business processes. Thus audits are more operational than Malcolm Baldrige assessments.
Audits are made by people who are independent from the processes being audited.
Self-assessments are made by the responsible business leaders. The both methods
support well each other.
Auditing is based on the international
standard definition and principles
Internal auditing is a comprehensive
task that should be both reactive and proactive by nature. Its purpose is not
only to search for nonconformities (nonfulfilment of specified requirements) or
defects (nonfulfilment of intended usage requirements or reasonable expectations
under the existing circumstances) but there is a broader business related scope
in auditing. Also performance strengths of the business processes should be noted
in internal audits. It is useful to comply with the recognized international definition
and principles of auditing. The formal definition for audits has been recently
reconsidered in the new standards ISO 9000 and ISO 19011.
the above mentioned standards internal audit is understood as a systematic, independent
and documented process for obtaining records, statements of fact or other meaningful
data relevant to the criteria of business performance enhancement. These criteria
are both qualitative and quantitative and relate to policies, and procedures/processes
including their outputs and performance results. Requirements for business management
and thus naturally also for internal audits consider need or expectation that
is stated, generally implied or obligatory taking into account company's all interested
parties (i.e. persons or groups having a interest in the performance or success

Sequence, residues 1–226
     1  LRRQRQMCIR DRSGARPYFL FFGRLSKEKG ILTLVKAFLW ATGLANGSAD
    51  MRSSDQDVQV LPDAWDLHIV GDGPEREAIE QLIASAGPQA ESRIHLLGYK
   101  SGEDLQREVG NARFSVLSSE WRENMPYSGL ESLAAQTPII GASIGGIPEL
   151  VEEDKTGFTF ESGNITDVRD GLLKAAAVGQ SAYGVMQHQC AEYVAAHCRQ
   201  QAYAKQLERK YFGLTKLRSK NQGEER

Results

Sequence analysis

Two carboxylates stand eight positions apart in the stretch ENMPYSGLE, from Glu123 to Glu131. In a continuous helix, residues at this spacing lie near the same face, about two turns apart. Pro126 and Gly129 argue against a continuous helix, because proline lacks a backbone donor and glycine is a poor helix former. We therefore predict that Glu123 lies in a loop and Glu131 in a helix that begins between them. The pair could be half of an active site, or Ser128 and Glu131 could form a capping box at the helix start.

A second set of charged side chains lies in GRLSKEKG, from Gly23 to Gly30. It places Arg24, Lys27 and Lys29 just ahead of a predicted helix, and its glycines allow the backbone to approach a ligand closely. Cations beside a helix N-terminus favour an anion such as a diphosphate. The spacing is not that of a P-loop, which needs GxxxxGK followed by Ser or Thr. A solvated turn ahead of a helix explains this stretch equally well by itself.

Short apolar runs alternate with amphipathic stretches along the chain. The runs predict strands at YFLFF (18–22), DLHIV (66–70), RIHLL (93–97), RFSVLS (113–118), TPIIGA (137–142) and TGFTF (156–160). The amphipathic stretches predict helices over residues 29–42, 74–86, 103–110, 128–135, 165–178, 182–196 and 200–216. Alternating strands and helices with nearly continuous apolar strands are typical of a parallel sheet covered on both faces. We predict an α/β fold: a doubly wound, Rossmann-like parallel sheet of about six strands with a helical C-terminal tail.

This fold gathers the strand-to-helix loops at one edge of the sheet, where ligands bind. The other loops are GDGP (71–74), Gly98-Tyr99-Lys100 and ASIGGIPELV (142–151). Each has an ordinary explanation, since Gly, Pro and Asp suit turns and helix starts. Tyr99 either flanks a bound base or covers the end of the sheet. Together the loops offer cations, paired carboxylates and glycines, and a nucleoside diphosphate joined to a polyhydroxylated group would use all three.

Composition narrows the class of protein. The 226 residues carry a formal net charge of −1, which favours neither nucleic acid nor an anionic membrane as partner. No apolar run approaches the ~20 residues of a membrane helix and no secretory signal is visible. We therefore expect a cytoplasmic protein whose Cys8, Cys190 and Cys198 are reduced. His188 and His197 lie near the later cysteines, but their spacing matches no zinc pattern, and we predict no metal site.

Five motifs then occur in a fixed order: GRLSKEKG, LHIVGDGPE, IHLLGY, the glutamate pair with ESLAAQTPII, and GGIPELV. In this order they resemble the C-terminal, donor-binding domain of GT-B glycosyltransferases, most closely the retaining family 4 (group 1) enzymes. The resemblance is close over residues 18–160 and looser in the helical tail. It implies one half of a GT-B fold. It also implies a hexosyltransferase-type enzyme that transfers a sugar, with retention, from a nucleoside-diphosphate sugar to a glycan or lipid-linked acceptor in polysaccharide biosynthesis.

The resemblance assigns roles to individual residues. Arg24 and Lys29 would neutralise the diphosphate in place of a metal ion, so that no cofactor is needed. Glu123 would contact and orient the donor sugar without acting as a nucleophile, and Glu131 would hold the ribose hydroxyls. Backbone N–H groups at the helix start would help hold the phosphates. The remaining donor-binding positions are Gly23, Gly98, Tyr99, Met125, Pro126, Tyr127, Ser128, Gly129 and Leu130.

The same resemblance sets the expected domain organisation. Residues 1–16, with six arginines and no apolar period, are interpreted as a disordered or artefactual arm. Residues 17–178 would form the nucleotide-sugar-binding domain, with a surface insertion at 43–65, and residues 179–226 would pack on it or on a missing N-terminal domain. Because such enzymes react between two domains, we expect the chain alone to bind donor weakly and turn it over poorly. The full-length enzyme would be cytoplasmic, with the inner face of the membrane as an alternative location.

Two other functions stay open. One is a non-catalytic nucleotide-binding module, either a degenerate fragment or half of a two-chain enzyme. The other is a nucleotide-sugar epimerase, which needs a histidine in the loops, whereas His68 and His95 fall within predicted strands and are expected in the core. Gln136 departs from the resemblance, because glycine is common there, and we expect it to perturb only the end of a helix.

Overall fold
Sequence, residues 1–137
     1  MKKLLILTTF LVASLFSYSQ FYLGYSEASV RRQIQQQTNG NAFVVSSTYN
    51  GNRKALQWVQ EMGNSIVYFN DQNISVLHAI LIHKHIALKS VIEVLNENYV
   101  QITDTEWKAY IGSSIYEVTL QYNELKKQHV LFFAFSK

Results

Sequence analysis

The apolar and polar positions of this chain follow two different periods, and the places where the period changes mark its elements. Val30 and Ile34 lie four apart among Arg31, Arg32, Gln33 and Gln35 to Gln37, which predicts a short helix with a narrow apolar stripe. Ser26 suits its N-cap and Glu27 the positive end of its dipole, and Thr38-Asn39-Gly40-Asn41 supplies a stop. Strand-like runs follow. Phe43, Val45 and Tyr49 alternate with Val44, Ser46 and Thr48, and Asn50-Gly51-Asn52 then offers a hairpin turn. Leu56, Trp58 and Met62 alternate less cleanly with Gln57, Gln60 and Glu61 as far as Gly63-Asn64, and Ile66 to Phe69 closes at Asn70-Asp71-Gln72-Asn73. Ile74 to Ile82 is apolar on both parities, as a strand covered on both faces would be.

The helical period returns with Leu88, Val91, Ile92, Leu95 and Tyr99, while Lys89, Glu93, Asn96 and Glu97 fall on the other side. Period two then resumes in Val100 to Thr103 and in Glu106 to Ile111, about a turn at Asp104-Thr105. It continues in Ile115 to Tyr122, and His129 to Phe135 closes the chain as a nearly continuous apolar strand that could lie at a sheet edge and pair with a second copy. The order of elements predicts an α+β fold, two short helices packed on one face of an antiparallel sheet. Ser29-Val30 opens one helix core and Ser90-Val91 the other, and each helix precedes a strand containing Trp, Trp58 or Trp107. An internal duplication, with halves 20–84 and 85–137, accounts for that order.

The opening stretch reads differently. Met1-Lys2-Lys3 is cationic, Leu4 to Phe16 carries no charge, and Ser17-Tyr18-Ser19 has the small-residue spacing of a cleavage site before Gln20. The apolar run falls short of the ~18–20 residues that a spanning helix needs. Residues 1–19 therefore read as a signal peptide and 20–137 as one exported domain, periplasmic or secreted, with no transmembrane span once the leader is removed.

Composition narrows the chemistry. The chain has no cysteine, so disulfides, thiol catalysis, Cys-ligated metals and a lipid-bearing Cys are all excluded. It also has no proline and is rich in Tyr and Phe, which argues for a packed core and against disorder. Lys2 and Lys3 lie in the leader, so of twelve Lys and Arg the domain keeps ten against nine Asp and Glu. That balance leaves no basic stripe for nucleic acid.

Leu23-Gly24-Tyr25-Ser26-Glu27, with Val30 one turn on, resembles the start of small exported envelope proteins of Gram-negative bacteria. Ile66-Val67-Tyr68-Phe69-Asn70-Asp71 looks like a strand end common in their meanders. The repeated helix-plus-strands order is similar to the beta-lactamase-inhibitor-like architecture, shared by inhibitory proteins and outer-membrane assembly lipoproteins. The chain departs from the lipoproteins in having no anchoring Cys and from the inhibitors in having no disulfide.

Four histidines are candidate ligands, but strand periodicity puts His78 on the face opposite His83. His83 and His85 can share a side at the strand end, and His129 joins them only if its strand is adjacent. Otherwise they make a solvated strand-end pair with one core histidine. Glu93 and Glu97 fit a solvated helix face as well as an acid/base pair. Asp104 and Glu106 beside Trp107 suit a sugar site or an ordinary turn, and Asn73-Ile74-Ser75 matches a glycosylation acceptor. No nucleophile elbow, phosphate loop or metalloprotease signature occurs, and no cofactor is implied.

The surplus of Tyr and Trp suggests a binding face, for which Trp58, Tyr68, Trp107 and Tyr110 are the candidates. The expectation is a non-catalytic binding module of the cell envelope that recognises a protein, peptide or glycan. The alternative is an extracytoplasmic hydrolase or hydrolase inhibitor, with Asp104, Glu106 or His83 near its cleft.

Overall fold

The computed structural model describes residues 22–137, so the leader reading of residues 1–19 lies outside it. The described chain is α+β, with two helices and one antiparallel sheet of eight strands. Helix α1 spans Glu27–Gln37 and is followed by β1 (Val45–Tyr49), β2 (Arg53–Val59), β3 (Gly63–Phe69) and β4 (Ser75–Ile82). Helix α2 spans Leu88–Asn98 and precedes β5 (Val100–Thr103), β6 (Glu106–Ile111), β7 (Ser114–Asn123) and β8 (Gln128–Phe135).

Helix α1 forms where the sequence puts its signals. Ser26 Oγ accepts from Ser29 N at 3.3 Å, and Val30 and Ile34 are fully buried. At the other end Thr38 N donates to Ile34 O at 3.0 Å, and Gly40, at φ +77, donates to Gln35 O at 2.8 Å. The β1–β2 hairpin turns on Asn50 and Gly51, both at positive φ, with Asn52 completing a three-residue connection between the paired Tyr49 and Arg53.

of the company). Thus in auditing the business aspects of effectiveness and efficiency
are being considered. Particularly performance excellence issues are necessary
in internal audits within a company operating in severe competitive business environments.
In general and very often external auditing, e.g. third party auditing
for certification or registration, does not comply with the broad range and business
views of the above-mentioned standard definition of auditing.
are carried out within the different business areas of the company as process
audits examining business processes and related results whether they comply with
planned arrangements, and whether these arrangements are implemented effectively
and efficiently and are suitable to achieve objectives from the business point
of view. Auditing is for improvement of the business process performance as well
as for quality assurance. Auditing is a major means for quality management.
processes are more practical object-entities of auditing than quality (management)
systems. In many organizations quality (management) systems are too artificial
and vague. In a modern quality thinking quality management must be integrated
with business. Thus in fact the real "quality system" is equal with
the quality of a management system consisting of a network of interlinked business
processes. Therefore separate concept of quality (management) system is no more
needed. Also according to ISO 9000 standards quality management system is more
a concept or a "mental system" for a systematic approach towards a business
integrated quality management than a distinct system.
Figure 1. The auditing process
The internal auditing procedure defined